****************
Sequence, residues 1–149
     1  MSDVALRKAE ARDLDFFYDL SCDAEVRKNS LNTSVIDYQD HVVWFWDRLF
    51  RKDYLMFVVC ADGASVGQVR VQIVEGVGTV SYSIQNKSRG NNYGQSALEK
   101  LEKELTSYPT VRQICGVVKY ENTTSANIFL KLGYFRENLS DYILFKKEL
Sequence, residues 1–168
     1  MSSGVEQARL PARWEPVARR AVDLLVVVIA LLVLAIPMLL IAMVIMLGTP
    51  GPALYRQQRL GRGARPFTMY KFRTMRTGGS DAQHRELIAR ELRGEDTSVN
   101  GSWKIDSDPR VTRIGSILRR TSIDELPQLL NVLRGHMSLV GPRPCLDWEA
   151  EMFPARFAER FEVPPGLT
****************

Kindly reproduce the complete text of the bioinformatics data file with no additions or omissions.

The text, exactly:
Sequence, residues 1–149
     1  MSDVALRKAE ARDLDFFYDL SCDAEVRKNS LNTSVIDYQD HVVWFWDRLF
    51  RKDYLMFVVC ADGASVGQVR VQIVEGVGTV SYSIQNKSRG NNYGQSALEK
   101  LEKELTSYPT VRQICGVVKY ENTTSANIFL KLGYFRENLS DYILFKKEL
Sequence, residues 1–168
     1  MSSGVEQARL PARWEPVARR AVDLLVVVIA LLVLAIPMLL IAMVIMLGTP
    51  GPALYRQQRL GRGARPFTMY KFRTMRTGGS DAQHRELIAR ELRGEDTSVN
   101  GSWKIDSDPR VTRIGSILRR TSIDELPQLL NVLRGHMSLV GPRPCLDWEA
   151  EMFPARFAER FEVPPGLT